A nudge for desirable behaviour

Behavioural economics has been a much-discussed topic after the Economic Survey last week devoted an entire chapter on how it provides insights to “nudge” people towards desirable behaviour even while preserving their liberty to choose. The chapter illustrated how the Swachh Bharat Mission and Beti Bachao Beti Padhao have successfully employed behavioural insights. 

One of the most successful use of the nudge technique was in the UK when the government was finding it hard to cope with the last-minute surge in tax payments. A Behavioural Insights Team set up by the government started sending repeated reminder letters to inform people that most of their neighbours had already paid. This speeded up tax payments considerably. Encouraged by the success, the UK government increased the scope of the nudge activities: From tax payment to reducing missed hospital appointments. 

Behavioural economics, which is essentially the study of how individuals make economic decisions, looking at the psychological, emotional, social and cognitive factors at play, is being used to significant effect in human resource practices in many large companies. In some cases, HR professionals are perhaps using nudge techniques instinctively, but they are effective nevertheless.

Google, for instance, partnered with Yale University to study how behavioural economics can improve employee wellness after it found that the effects of poor health and obesity cost a huge sum to US companies every year. So the company made subtle changes in the order of the placement of food to bring the attention of employees to healthier options and make it easier to choose. So placing the healthier items ahead of the unhealthy food on the shelf nudged the employees to pick those food items.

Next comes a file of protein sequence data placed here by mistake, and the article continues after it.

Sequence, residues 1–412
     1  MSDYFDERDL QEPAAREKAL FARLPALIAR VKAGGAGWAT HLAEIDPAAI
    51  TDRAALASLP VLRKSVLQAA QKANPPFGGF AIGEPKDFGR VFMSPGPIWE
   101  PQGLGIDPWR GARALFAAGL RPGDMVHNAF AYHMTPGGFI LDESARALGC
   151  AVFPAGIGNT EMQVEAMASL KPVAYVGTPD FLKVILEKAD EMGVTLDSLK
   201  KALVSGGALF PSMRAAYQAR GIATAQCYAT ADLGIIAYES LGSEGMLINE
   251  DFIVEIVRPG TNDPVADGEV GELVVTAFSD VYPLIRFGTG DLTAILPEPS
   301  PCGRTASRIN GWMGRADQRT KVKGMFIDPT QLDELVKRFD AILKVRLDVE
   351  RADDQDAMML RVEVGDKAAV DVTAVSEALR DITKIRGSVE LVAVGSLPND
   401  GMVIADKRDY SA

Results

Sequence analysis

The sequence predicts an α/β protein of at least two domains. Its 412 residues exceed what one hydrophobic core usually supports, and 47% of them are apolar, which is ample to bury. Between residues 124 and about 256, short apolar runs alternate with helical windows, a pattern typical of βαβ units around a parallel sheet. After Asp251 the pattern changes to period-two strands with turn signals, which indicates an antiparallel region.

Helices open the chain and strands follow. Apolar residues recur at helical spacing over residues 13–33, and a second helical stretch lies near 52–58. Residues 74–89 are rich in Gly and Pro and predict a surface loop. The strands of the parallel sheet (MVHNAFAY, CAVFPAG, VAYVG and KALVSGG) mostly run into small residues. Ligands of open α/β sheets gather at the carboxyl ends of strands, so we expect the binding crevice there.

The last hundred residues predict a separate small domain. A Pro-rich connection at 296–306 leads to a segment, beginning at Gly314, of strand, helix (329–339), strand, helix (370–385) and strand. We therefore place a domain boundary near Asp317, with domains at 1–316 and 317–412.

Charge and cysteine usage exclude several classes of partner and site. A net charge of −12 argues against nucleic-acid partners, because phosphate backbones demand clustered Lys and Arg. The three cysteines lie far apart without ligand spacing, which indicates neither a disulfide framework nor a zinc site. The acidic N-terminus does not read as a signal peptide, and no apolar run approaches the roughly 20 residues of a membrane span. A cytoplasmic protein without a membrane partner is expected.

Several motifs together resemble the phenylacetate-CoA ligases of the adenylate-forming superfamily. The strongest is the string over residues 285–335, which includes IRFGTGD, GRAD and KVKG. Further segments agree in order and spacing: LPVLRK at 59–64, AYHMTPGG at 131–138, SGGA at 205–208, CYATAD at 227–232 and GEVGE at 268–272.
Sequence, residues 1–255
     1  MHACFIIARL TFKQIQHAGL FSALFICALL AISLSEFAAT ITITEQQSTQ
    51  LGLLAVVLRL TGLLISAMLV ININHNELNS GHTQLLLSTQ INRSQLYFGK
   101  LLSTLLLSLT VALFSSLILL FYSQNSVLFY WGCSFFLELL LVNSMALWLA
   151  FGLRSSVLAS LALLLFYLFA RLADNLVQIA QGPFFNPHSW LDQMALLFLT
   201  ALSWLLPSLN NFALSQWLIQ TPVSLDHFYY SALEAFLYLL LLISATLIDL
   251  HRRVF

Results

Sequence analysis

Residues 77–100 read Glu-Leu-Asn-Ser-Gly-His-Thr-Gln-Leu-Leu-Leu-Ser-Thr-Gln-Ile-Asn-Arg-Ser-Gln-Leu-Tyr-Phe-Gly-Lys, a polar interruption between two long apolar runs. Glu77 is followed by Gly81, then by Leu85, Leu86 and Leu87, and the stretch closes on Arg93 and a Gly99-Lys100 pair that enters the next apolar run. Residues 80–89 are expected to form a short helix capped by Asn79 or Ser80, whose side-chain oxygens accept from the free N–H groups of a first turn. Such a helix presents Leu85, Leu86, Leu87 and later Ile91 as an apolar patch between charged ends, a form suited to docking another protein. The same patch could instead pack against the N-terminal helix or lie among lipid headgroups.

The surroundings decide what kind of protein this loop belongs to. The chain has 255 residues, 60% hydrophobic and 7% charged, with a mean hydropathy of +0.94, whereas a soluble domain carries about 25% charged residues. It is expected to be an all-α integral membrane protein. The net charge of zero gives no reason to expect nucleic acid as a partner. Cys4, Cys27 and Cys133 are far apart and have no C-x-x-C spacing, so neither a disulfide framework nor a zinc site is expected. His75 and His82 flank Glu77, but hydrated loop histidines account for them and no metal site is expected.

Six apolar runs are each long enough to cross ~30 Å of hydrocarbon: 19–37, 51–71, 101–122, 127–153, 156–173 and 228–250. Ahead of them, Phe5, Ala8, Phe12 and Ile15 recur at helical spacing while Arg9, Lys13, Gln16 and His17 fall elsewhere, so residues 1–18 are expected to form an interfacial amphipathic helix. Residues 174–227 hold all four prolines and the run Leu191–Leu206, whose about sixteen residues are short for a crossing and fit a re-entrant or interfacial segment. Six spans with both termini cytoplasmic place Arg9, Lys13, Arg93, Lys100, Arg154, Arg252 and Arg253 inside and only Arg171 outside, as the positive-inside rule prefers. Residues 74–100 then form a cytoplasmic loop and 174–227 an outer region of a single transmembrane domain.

Google and Yale researchers also experimented with promoting unpopular vegetables as the “Vegetable of the Day”. So they placed colourful fliers filled with fun facts about the food next to the vegetable in the cafeteria. This increased consumption of the vegetable by 74 per cent.

Other companies have done a variation of this by prominently displaying information about the calories in the various meals on offer. This is to help those who were watching their weight or trying to eat more healthy make appropriate choices. 

Behavioural economics actually came to the fore in 2008 with the publication of Nudge: Improving Decisions About Health, Wealth and Happiness, the bestselling book that Richard H Thaler co-wrote with legal scholar Cass R Sunstein. The trick in delivering the nudge lies in what the authors call “choice architecture”. Put simply: How choices are presented.

For example, research has also found that people use the office stairs more often if they are stylish and centrally located (in contrast, the elevator is in a corner and requires a key card). This not only encourages exercise; it creates a more open working environment.  

Thus, behavioural economics is a crucially important field for HR and can be employed in a broad range of activities — helping the company make the best hiring decisions and make people feel engaged with their work, etc. So many leading companies incorporate behavioural economics principles through nudges in most of their HR practices.

Behavioural science has also given companies insights into how employees’ minds work effectively. For example, it has been found that repetition and recall help employees learn better. So while planning their training programmes, many companies have incorporated a learner recall exercise every half an hour, or at the end of a session, or even a few months later. While some employees will find this irritating, many others find this useful, helping managements to get valuable feedback of the effectiveness of their training programmes and the tweaks they should make. 

The trick lies in properly thought-out messaging. For example, small, simple reminders that are helpful rather than pushy is what inspires positive action. Because when you make something top of mind in a non-interfering way, people are going to act on it. 

Thaler set out three principles, which he said, should guide the use of nudges: All nudging should be transparent and never misleading; it should be as easy as possible to opt out of the nudge; and there should be good reason to believe that the behaviour being encouraged will improve the welfare of those being nudged. Thaler once summarised his work in three words: “Make it easy”. Great companies follow that as the Bible.

 


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